for plug-in vehicles, making solar power cost-competitive, making carbon capture a reality, safely recycling used nuclear fuel, perfecting advanced biofuels, designing green buildings and providing energy from nuclear fusion. Basically our policy should be to conserve and use our nuclear, gas and oil resources until we figure out how to make renewable and alternative energies more reliable and cost-competitive. Throwing billions of dollars to the wind Instead of following this simple, fourfold low-cost clean energy strategy, the Obama administration wants to spend tens of billions covering an area the size of West Virginia with 50-story wind turbines while it squirms uncomfortably at every mention of nuclear power. According to the San Francisco Chronicle last week, “The Department of Energy is starting a new partnership with the nation’s six largest wind turbine manufacturers, in an effort to. . . provide 20% of the nation’s energy from wind by 2030, a goal the DOE says is within reach.” The President in his inaugural address spoke eloquently of powering the country with the wind, the sun and the earth. In June the Wall Street Journal asked Boone Pickens, Amory Lovins, Al Gore and President Obama how to reduce dependence on foreign oil and contribute less to climate change. These four came up with twenty-four suggestions – everything from placing veterans in green
jobs to generating 20 to 30 percent of electricity by wind – but made no mention of nuclear power. Over the next ten years, the wind industry will receive direct federal taxpayer subsidies of about $28 billion, according to the Congressional Joint Committee on Taxation.
• Most of this cost is due to the renewable production tax credit that is worth about 3 cents per kilowatt-hour to wind developers and costs taxpayers $26 billion. 75 percent of the renewable tax credit goes to wind – solar, geothermal, biomass and hydropower combined make up the remaining 25 percent. • There will be $1 billion for construction subsidies through Clean Renewable Energy Bonds (CREBS). • There will be an Investment Tax Credit (ITC) for residential and small industrial wind turbines. • There will be accelerated depreciation of small wind turbines. • Plus, there is $11 billion provided by the stimulus for building a “smart grid” and new transmission lines. The North American Electric Reliability Corporation tells us the entire U.S. grid needs upgrading, but the transmission projects announced so far would all go to bringing wind and solar electricity from remote places to population centers.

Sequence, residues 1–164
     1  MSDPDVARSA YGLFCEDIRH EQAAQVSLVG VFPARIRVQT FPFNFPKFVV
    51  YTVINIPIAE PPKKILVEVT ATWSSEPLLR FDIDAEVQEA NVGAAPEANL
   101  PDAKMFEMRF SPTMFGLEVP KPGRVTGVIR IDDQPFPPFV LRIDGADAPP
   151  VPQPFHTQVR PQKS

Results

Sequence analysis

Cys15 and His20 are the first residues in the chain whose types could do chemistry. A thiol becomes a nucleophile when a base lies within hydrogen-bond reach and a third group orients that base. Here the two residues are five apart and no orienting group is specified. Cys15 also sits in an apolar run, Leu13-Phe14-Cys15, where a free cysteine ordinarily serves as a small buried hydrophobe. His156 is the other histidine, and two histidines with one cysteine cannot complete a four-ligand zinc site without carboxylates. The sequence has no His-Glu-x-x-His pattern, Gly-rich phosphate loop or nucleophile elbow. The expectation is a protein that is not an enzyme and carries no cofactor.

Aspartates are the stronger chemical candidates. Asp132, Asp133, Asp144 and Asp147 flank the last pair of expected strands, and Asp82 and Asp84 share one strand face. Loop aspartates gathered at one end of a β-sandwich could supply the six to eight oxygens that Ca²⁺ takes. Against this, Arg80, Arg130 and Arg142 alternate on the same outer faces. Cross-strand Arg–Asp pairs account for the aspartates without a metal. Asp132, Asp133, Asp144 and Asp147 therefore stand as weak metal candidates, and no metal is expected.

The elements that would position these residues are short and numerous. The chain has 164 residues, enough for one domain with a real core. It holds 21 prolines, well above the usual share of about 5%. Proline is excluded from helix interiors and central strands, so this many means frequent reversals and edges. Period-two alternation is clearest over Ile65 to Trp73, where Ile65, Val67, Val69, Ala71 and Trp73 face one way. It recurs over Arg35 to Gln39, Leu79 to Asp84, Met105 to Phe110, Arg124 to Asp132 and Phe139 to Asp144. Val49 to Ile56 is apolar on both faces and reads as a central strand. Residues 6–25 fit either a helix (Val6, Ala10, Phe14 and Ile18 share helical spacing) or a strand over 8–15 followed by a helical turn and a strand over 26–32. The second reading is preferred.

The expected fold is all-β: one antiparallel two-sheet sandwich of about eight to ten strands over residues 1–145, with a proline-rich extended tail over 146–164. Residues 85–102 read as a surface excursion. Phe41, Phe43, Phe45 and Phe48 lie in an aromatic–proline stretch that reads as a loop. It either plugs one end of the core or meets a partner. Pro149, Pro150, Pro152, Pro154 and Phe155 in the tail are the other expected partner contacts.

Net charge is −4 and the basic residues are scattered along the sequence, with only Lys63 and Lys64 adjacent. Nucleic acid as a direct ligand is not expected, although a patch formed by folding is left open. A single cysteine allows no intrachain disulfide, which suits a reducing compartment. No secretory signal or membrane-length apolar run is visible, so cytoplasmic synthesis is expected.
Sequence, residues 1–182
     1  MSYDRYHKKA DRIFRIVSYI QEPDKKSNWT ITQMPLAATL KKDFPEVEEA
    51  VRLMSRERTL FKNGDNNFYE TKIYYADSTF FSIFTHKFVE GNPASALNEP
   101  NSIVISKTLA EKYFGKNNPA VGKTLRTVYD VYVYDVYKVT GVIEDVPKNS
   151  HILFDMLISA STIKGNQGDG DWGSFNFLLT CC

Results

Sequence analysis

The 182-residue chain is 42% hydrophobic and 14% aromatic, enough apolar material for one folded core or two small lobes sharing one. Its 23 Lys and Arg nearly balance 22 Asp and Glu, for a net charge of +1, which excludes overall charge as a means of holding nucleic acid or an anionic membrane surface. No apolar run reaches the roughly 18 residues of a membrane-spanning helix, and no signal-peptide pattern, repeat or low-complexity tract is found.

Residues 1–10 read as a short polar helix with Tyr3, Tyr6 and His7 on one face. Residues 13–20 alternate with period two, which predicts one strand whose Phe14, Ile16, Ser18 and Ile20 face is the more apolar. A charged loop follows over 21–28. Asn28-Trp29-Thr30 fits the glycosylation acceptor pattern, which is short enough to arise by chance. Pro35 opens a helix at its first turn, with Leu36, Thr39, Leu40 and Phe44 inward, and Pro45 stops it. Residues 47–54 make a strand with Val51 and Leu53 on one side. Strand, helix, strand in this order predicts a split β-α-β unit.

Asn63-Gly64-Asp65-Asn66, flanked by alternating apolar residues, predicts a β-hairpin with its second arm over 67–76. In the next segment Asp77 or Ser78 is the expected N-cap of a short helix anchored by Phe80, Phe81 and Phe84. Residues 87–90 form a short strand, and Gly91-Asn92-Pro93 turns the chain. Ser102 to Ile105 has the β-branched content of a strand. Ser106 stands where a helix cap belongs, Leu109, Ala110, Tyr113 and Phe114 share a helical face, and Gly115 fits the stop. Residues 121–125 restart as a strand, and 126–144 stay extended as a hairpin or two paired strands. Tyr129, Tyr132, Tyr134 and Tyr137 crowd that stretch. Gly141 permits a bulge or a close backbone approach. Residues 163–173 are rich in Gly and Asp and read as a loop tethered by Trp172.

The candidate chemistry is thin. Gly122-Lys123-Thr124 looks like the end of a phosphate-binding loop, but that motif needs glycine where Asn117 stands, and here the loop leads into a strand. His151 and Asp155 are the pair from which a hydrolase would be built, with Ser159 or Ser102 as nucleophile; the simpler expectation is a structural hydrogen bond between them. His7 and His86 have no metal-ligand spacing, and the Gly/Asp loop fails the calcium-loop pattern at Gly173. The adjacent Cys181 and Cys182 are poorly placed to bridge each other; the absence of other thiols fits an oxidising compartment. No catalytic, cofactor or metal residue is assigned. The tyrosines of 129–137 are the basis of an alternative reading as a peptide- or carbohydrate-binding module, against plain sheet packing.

And all this doesn’t even mention the Waxman-Markey Renewable Energy Mandates, which will have the practical effect of forcing utilities in many states to buy government-subsidized wind energy they don’t necessarily need from faraway states with better wind resources. Let me give you an example. Between 2000 and 2004, the TVA constructed a thirty-megawatt wind farm at Buffalo Mountain at a cost of $60 million. It is the only wind farm in the Southeast. Now you’ll read in the papers that having a thirty-megawatt wind farm means generating thirty megawatts of electricity, but this is only what they call its “nameplate capacity.” That’s not the real output. In practice, Buffalo Mountain has only generated electricity 19 percent of the time, since the wind doesn’t blow very much in the Southeast. That means TVA will pay $60 million over twenty years to generate six megawatts of electricity. Multiply this out, and you’ll see it means spending $10 billion
to generate 1,000 megawatts, which makes Tennessee windmills more expensive than the costliest nuclear reactor. TVA considers Buffalo Mountain to be a failed experiment. In fact, looking for wind power in the Southeast is a little like looking for hydropower in the desert. Nevertheless, Waxman-Markey will now force TVA and every other utility in the country to get at least 12 percent of its electricity from renewable sources. And that’s a very narrow definition of “renewable.” Hydroelectric dams, for example, are probably the best source of renewable energy we have, but they don’t count because . . . . well, I’m not sure exactly why, but environmental groups have been opposing dams since the 1950s. Nuclear doesn’t count as renewable either, even though we’ve got plenty of uranium and reprocessing the fuel could stretch it out for hundreds and hundreds of years. Instead, TVA is already requesting bids for 1250 megawatts of renewable power that it doesn’t really need and may not be able to use. Wind now produces 1.3 percent of our total electricity, and 4.5 percent of our clean electricity. Yet according to the Energy Information Administration, wind turbines are being subsidized at thirty times the rate of all other renewables and nineteen times the rate of nuclear. So instead of a clean, broad-based energy policy or even a clean, renewable energy policy, what we have in practice is a national windmill policy.